A Denham Springs man, who owns Deep South Charters out of Venice, was sentenced on Feb. 27 in Plaquemines Parish for tuna fishing violations and resisting an officer.
Josh S. Howard, 31, pleaded guilty to two counts of resisting an officer, one count of intentional littering and one count of violating recreational take of tuna regulations.
Judge M. Clement of the 25th Judicial District of Plaquemines Parish accepted Howard’s guilty plea and sentenced him to forfeit his 2013 charter boat guide licenses and forbid him from acting as a charter captain for 2013. Howard was also sentenced to a total of $850 in fines plus court costs, 32 hours of community service and two years of probation with the addition that no wildlife and fishery offenses can be committed during the time of probation. If Howard does commit any wildlife and fishery violation during his two years of probation, he may face further revocation of charter boat licenses.
Howard’s guilty plea stems from an investigation conducted by Louisiana Department of Wildlife and Fisheries Enforcement Division agents. LDWF agents were tipped off by confidential informants that Howard participated in the catching and retaining of a large Bluefin tuna in April of 2012 after the season had closed.
After a lengthy investigation, agents secured a subpoena for the cell phone owned by Howard where photos of the fish were believed to be stored. When agents approached Howard with the subpoena and asked for his phone on May 18, 2012, Howard threw the phone overboard into the water thereby destroying any suspected evidence.
Howard was placed under arrest and booked into the Plaquemines Parish Jail. Agents were able to secure a search warrant for his home in Denham Springs and seize his computer. Howard then provided agents with photos and videos of the illegally harvested tuna.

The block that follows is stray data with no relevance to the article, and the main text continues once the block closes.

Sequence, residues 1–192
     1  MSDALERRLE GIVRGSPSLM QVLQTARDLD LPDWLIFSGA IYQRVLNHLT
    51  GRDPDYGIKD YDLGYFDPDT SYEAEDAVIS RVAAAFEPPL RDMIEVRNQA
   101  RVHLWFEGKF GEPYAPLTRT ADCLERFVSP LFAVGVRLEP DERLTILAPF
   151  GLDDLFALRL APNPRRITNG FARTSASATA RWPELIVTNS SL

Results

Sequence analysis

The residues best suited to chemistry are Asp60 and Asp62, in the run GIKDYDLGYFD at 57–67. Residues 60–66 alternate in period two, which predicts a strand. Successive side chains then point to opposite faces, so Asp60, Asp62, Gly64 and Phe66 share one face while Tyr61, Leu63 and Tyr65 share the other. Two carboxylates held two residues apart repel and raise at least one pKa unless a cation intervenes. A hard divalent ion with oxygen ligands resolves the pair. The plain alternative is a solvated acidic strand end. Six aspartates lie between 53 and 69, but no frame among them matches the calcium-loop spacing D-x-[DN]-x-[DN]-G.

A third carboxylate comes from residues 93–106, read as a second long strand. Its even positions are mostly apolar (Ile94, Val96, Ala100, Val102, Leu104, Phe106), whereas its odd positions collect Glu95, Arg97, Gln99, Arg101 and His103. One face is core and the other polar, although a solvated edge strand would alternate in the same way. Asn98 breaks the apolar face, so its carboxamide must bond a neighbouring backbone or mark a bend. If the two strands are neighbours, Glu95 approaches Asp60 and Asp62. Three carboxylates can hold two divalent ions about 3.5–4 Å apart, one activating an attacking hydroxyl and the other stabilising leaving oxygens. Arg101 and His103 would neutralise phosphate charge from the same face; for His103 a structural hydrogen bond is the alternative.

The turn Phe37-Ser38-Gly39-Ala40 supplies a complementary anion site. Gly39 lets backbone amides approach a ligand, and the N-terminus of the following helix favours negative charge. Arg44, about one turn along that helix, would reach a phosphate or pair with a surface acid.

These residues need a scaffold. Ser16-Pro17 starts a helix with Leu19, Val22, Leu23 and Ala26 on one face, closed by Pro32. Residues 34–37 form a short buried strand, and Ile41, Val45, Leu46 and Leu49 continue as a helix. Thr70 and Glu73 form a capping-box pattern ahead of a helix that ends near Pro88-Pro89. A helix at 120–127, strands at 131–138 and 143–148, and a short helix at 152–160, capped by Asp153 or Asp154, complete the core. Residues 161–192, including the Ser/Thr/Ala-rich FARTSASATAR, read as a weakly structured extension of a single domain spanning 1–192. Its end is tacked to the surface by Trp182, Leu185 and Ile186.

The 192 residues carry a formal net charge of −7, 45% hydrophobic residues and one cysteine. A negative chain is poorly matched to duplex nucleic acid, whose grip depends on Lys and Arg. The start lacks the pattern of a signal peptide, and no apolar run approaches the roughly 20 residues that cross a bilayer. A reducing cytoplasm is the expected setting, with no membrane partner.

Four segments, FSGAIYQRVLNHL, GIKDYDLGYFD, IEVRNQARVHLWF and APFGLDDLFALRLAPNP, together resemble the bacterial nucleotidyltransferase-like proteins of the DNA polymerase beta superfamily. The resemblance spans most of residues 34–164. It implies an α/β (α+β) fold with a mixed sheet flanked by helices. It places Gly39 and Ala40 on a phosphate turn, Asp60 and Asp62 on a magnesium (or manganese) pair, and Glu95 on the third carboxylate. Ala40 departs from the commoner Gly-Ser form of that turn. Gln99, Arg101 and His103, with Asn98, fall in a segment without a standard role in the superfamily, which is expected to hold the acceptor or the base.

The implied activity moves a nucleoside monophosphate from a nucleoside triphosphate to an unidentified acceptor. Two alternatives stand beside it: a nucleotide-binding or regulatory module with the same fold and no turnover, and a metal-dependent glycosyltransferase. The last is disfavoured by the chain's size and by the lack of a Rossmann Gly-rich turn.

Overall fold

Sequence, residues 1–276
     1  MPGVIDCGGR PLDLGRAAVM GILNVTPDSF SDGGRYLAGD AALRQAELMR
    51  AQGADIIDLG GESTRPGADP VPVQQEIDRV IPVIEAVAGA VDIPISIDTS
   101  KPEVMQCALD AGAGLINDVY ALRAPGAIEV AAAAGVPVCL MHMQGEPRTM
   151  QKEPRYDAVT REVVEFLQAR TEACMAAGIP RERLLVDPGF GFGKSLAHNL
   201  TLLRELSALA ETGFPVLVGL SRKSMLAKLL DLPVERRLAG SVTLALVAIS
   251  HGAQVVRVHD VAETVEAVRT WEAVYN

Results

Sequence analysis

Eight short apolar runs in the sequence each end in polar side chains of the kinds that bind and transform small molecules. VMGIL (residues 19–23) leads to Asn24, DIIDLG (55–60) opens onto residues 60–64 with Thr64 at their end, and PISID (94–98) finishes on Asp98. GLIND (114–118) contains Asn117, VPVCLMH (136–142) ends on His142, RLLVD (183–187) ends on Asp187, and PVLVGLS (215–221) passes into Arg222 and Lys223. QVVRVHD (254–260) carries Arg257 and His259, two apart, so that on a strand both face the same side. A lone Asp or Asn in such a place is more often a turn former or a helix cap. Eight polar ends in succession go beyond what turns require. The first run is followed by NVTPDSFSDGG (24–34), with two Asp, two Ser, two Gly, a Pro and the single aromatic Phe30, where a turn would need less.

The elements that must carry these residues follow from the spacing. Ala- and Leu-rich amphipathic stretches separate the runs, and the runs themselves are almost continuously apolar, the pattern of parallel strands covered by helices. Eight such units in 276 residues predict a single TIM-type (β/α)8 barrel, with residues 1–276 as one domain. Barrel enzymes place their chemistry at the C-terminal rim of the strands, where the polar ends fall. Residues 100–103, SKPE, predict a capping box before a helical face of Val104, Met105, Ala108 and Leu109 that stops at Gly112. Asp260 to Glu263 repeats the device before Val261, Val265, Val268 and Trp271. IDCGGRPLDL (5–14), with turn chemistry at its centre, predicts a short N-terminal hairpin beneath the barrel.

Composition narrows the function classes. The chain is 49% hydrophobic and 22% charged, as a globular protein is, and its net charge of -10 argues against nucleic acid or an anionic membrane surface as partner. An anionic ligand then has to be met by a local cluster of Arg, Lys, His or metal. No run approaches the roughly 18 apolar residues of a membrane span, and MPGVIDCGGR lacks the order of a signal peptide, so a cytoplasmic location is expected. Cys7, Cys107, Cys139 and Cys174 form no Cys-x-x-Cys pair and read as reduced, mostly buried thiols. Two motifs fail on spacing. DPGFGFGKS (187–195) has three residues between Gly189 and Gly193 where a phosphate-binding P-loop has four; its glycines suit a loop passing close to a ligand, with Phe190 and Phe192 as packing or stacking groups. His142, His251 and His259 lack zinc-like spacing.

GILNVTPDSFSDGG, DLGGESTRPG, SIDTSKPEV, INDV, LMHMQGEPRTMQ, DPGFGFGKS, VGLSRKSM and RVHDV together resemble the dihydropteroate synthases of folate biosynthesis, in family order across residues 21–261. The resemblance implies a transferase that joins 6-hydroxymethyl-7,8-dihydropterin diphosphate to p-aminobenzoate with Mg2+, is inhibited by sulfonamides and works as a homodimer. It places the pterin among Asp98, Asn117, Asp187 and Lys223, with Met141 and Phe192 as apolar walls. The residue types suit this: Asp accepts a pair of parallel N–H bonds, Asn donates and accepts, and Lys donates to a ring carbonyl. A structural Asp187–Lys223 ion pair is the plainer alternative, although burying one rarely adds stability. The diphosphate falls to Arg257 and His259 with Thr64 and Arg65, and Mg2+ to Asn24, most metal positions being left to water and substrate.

Agents participating in the case were Sgt. Adam Young, Sgt. Roy Pier, Sgt. Louis Burnett, Senior Agents Villere Reggio and Ladd Turner and National Oceanic Atmospheric Administration Special Agent Charles Tyre.
A Marksville man was arrested and booked into the Avoyelles Parish Jail on Feb. 25 for his alleged role in the illegal killing of a Louisiana black bear.
Derek P. Sayer, 30, was arrested for shooting and killing a Louisiana black bear on Nov. 27, 2012 in Avoyelles Parish. A hunter alerted authorities on Nov. 27 about a dead black bear laying on an all-terrain vehicle trail on Avoyelles Parish School Board property located 20 miles northwest of Marksville.
Louisiana Department of Wildlife and Fisheries (LDWF) Enforcement Division agents and U.S. Fish and Wildlife Service officers responded to the scene and immediately started a joint investigation. After a lengthy investigation, officials concluded that Sayer allegedly killed the bear.
LDWF performed a necropsy of the bear, which revealed the bear was fatally shot with buckshot. The bear was approximately two years old and weighed about 100 pounds.
Harvesting a Louisiana black bear brings a state fine between $900 and $950 and up to 120 days in jail. In addition, restitution for the value of the animal up to $10,000 could be imposed.
The Louisiana black bear has been listed on the Federal Threatened and Endangered Species List since 1992.
The North Louisiana Criminalistics Laboratory in Alexandria and the Criminal Investigation Unit of the Avoyelles Parish Sheriff’s Office provided forensic and technical assistance during the investigation.
Feb. 25, 2013 -- Louisiana Department of Wildlife and Fisheries (LDWF) Enforcement Division agents cited three Louisiana men for alleged wildlife violations on Feb. 12, 2013 in Concordia Parish.
Kenneth Woods, 38, of Jonesville, Don Paige, 46, of Ferriday, and Kenneth Jenkins, 50, of Jonesville, were cited for hunting wild game quadrupeds during illegal hours and hunting raccoon illegally.
LDWF Sgt. Trey Mason and Concordia Parish Deputy Dusty Lemoine were patrolling the area of Haphazard Road near Dunbarton after legal shooting hours. They observed a spot light and heard several gunshots coming from a wooded area at the end of Haphazard Road.
While observing the area, the two officers observed two vehicles leaving the wooded area and they initiated traffic stops on both vehicles. During the traffic stops, Woods, Paige and Jenkins stated they were raccoon hunting, but did not have a dog in their possession.
The subjects were in possession of small caliber rifles. Subsequently, they were also found in possession of six freshly harvested rabbits.
Hunting wild game quadrupeds during illegal hours and hunting raccoon using illegal methods each carry a fine between $250 and $500 and up to 90 days in jail for each offense.